Modern Methods Used to Re-establish Communication With a Boy Fresh Out of a Program

You and your teen: you are two different people, with two different perspectives, plus the added problem of your teen's stay in a residential treatment program. So when he gets out, how in the world do you re-establish communication with him, in a way that is hopefully better than it was before?

Thankfully, there are methods to help you re-establish that connection. Let's take a closer look at better communication with your teen.

Communication Basics

It can be hard to communicate with a teen on the best of days, but throw in behavioral issues that need addressing, and you might feel like you're butting your head against the proverbial wall. There are some tips you can use to help turn those communication woes into successes:

  • be calm--don't let your emotions get the best of you!
  • seek first to understand, then to be understood
  • ask genuine questions and really listen to the answers
  • don't expect your teen to validate your opinions

In other words, don't strike up an important conversation with your teen when you know your mood or his isn't the best. Before you try to make your teen see your point of view, try understanding where your teen is coming from. From personal experience, it may even alter what you think you need to say. Instead of asking loaded questions that have a real potential to make the conversation go south, ask genuine questions and then listen to what your teen has to say. Finally, don't expect your teen to change his mind or validate your own opinions. Agree to disagree if you have to, just try to keep the peace and stay calm.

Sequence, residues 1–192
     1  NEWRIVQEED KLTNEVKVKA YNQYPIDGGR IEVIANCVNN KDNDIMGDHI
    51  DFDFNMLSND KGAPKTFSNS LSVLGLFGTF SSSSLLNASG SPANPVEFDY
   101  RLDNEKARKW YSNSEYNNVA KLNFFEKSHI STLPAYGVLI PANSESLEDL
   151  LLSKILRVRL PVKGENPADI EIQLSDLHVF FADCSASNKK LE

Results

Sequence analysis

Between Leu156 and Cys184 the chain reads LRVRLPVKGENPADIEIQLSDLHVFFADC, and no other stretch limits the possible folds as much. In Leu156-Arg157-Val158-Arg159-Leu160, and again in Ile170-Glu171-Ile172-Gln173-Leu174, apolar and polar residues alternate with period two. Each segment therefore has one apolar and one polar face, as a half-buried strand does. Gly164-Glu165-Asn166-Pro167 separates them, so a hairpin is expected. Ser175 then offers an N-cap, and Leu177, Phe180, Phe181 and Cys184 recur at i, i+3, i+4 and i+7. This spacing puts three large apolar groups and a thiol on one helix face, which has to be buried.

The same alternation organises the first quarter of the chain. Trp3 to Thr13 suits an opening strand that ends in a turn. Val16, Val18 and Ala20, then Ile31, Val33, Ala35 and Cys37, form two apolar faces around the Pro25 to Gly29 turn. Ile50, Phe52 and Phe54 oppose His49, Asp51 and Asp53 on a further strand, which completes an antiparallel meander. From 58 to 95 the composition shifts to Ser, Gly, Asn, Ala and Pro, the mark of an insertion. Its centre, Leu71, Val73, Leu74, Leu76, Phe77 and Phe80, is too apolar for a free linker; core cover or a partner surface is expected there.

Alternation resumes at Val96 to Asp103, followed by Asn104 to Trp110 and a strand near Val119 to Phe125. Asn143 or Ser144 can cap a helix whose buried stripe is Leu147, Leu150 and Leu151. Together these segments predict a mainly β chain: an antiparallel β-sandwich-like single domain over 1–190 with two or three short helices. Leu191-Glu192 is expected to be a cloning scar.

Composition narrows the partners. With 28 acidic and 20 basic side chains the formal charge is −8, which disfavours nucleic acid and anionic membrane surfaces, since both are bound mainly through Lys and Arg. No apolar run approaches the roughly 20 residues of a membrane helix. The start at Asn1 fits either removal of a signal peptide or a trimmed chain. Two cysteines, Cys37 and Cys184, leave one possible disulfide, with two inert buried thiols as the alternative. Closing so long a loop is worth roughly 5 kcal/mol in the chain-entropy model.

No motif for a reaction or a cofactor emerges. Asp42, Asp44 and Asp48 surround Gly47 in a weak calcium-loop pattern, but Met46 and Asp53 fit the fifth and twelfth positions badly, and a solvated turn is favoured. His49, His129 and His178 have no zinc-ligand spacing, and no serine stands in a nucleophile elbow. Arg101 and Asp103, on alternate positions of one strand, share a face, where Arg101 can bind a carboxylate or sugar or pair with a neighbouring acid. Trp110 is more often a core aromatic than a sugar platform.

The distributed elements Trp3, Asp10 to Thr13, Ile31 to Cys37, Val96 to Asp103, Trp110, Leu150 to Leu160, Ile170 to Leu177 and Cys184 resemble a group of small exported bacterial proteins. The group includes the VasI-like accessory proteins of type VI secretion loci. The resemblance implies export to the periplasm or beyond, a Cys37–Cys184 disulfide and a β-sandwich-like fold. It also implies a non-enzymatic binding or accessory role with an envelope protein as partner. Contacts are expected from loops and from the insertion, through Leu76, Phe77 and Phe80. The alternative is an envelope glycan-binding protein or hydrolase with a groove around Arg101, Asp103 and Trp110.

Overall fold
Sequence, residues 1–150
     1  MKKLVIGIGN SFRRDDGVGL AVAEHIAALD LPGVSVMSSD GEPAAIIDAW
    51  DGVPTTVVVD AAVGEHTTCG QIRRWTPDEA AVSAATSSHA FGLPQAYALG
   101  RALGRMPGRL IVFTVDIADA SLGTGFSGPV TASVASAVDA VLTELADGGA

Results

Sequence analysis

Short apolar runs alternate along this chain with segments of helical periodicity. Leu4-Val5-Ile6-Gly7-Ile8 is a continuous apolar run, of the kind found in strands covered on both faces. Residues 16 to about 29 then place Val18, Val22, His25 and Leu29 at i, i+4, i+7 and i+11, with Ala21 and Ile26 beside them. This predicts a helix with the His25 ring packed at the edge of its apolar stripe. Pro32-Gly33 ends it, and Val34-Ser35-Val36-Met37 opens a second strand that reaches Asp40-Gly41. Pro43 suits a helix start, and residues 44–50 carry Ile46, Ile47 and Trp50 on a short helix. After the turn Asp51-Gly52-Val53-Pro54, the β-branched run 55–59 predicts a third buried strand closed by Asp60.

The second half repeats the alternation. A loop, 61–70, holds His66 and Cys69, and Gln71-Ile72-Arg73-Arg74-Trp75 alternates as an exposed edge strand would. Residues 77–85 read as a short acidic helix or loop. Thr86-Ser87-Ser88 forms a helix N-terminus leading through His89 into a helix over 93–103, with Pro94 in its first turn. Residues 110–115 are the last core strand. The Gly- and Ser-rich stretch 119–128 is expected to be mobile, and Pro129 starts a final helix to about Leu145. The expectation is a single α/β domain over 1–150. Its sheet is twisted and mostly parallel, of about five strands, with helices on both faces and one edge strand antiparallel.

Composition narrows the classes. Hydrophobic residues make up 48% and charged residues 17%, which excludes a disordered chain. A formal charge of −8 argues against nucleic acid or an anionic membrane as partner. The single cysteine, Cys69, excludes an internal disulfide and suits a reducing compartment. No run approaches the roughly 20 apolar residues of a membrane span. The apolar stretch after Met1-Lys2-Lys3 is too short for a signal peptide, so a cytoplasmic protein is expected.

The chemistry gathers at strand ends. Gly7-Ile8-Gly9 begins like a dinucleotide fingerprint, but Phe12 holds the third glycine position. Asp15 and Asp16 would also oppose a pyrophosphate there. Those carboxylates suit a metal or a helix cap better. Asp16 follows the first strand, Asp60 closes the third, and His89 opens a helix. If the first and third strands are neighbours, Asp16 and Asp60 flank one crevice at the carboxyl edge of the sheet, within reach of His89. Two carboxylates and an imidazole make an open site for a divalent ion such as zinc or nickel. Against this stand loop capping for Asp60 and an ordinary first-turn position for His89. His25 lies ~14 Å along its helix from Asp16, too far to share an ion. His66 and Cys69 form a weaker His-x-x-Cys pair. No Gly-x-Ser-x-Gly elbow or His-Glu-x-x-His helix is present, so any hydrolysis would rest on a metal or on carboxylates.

Re-establishing Communication

After some state-of-the-art therapy for your teen, it's more important than ever to re-establish communication as he returns home and re-enters the family and regular life. As you implement the communication basics above, there are some "modern methods" you can use to help open the lines of communication. And it just might surprise you!

Texting is one modern method of communication, and despite what it may seem, it is not the number one preferred method of teen communication! According to PR Daily, 58% of teens said that they prefer to meet and communication in person. That is followed quite distantly by texting, with only 28% of teens citing it as their preferred method of communication. Talking by telephone and messaging on Facebook got 5% each.

What does this mean to parents? Your teen wants your time--face-to-face communication with you. So as your teen returns from residential treatment, don't underestimate the power of a face-to-face conversation where you both seek to understand each other, ask genuine questions, and then really listen to the answers. If you need to, you can continue to open the lines of communication via text when it is not possible to have a face-to-face conversation.

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